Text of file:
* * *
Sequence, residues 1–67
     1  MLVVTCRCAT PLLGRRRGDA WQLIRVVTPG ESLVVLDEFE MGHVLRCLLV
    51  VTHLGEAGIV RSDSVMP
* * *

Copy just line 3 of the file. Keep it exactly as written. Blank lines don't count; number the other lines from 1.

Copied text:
    51  VTHLGEAGIV RSDSVMP